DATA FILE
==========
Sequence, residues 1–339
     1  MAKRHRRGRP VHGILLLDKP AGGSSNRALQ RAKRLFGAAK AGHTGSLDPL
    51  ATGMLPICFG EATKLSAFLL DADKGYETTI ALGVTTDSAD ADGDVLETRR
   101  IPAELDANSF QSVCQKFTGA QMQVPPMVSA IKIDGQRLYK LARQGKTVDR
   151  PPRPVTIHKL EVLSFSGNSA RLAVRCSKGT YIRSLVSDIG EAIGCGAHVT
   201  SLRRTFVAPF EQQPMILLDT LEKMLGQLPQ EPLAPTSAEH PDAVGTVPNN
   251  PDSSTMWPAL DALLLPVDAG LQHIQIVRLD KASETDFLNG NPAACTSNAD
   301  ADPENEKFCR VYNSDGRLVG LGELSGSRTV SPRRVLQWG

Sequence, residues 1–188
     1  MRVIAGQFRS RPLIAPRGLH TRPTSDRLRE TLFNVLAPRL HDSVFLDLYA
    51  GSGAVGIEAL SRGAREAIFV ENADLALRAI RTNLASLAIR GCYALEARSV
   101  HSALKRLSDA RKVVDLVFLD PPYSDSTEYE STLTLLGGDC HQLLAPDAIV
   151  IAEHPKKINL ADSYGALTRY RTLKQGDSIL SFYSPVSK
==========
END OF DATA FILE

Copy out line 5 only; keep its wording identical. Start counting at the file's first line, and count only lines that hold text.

   151  PPRPVTIHKL EVLSFSGNSA RLAVRCSKGT YIRSLVSDIG EAIGCGAHVT